• Deep Learning on a Data Diet: Finding Important Examples Early in Training
    The recent success of deep learning has partially been driven by training increasingly overparametrized networks on ever larger datasets. It is therefore natural to ask: how much of the data is superfluous, which examples are important for generalization, and how do we find them? In this work, we make the striking observation that, on standard vision benchmarks, the initial loss gradient norm of individual training examples, averaged over several weight initializations, can be used to identify a smaller set of training data that is important for generalization...
  • PIX from DeepMind
    PIX is an image processing library in JAX, for JAX...JAX is a library resulting from the union of Autograd and XLA for high-performance machine learning research. It provides NumPy, SciPy, automatic differentiation and first-class GPU/TPU support...PIX is a library built on top of JAX with the goal of providing image processing functions and tools to JAX in a way that they can be optimised and parallelised through jax.jit, jax.vmap and jax.pmap...

 

Training*

 

 
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*Sponsored post. If you want to be featured here, or as our main sponsor, contact us!
 

 

Jobs

 
  • Senior Data Scientist - WarnerMedia - New York, NY

    WarnerMedia is a leading media and entertainment company that creates and distributes premium and popular content from a diverse array of talented storytellers and journalists to global audiences through its consumer brands including: HBO, HBO Max, Warner Bros., TNT, TBS, truTV, CNN, DC Entertainment, New Line, Cartoon Network, Adult Swim, Turner Classic Movies and others.

    Reporting to the Sr. Manager, Data Science this role will help to develop the predictive insights and prescriptive capabilities behind CNN’s emerging products, transforming first- and third- party data into quantitative findings, visualizations, and automation

        Want to post a job here? Email us for details >> team@datascienceweekly.org
 

 

Training & Resources

 
  • 30 Days of ML: Machine learning beginner → Kaggle competitor in 30 days. Non-coders welcome.
    In the first 2 weeks, you’ll receive hands-on assignments delivered to your inbox. The goal of these assignments is to rapidly cover the most essential skills needed to get your hands dirty with data. You'll start by learning how to code in Python and quickly learn how to build your first machine learning model...After tackling these core concepts, you’ll be invited to a super fun, beginner-friendly Kaggle machine learning competition to test your knowledge. Through practice, you’ll explore the best ways to use Kaggle as a learning resource and connect with other data scientists...On top of all of this, you’ll have the opportunity to attend elective workshops and seminars hosted by data scientists from Google's Developer Experts Program...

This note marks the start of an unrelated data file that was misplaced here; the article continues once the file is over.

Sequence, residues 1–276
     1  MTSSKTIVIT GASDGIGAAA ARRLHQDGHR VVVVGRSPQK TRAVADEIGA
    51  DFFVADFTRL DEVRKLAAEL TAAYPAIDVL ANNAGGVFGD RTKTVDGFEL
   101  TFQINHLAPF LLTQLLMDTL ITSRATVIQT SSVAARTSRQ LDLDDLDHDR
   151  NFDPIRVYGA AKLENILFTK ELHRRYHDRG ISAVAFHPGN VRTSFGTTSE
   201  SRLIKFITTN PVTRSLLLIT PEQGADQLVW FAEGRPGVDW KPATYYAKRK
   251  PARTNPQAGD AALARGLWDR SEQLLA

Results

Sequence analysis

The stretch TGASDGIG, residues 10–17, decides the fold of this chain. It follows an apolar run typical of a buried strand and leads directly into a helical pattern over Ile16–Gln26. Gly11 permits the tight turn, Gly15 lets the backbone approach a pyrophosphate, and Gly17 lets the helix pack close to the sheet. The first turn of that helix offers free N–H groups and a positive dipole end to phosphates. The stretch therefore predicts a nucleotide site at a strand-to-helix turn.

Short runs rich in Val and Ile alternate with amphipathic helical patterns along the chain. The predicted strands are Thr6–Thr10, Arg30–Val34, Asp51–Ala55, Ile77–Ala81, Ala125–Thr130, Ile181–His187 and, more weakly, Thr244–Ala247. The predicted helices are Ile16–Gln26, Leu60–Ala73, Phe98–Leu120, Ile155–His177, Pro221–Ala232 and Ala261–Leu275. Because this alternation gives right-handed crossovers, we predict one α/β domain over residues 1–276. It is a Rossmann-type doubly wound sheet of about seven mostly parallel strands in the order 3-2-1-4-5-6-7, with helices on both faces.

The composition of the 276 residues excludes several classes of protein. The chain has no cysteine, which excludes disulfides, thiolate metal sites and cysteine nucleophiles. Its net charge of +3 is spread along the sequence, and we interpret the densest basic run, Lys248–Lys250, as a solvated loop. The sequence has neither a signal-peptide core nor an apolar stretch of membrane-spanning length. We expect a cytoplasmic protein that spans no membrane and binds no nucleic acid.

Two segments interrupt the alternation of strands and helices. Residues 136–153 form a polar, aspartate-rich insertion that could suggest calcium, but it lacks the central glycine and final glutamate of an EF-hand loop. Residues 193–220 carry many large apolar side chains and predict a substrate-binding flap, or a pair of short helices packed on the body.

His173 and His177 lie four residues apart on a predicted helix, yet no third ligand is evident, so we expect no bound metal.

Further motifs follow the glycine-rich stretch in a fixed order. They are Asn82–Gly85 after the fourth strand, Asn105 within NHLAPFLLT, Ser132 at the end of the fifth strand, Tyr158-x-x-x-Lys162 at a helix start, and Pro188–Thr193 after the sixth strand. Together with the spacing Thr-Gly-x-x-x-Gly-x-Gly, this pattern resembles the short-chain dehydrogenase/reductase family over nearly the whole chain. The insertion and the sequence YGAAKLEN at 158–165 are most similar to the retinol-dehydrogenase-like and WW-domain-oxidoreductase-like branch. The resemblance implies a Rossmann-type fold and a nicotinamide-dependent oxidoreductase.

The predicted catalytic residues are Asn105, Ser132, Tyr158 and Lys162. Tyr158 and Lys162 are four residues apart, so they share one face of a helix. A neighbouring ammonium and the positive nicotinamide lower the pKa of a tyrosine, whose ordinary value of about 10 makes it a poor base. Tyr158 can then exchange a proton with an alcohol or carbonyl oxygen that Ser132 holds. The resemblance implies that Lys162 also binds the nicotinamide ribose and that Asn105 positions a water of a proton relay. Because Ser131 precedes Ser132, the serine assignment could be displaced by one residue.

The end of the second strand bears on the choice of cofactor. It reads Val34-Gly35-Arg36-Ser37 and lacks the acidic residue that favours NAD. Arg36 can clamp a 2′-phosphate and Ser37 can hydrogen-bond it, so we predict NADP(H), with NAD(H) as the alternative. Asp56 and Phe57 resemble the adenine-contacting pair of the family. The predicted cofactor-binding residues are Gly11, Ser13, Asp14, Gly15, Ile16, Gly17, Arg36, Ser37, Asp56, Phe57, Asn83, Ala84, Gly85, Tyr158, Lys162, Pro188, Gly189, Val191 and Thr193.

• Useful Algorithms That Are Not Optimized By Jax, PyTorch, or Tensorflow
    In some previous blog posts we described in details how one can generalize automatic differentiation to give automatically stability enhancements and all sorts of other niceties by incorporating graph transformations into code generation. However, one of the things which we didn't go into too much is the limitation of these types of algorithms. This limitation is what we have termed "quasi-static" which is the property that an algorithm can be reinterpreted as some static algorithm. It turns out that for very fundamental reasons, this is the same limitation that some major machine learning frameworks impose on the code that they can fully optimize, such as Jax or Tensorflow. This led us to the question: are there algorithms which are not optimizable within this mindset, and why? The answer is now published at ICML 2021, so lets dig into this higher level concept...
  • Introducing the Data Validation Tool for EDW migrations
    Data validation is a crucial step in data warehouse, database, or data lake migration projects. It involves comparing structured or semi-structured data from the source and target tables and verifying that they match after each migration step (e.g data and schema migration, SQL script translation, ETL migration, etc.)...Today, we are excited to announce the Data Validation Tool (DVT), an open sourced Python CLI tool that provides an automated and repeatable solution for validation across different environments. The tool uses the Ibis framework to connect to a large number of data sources including BigQuery, Cloud Spanner, Cloud SQL, Teradata, and more...

 

Books

 

  • Hands-On Machine Learning with scikit-learn and Scientific Python Toolkits


    Integrate scikit-learn with various tools such as NumPy, pandas, imbalanced-learn, and scikit-surprise and use it to solve real-world machine learning problems...

    For a detailed list of books covering Data Science, Machine Learning, AI and associated programming languages check out our resources page.
     


    P.S., Enjoy the newsletter? Please forward it to your friends and colleagues - we'd love to have them onboard :) All the best, Hannah & Sebastian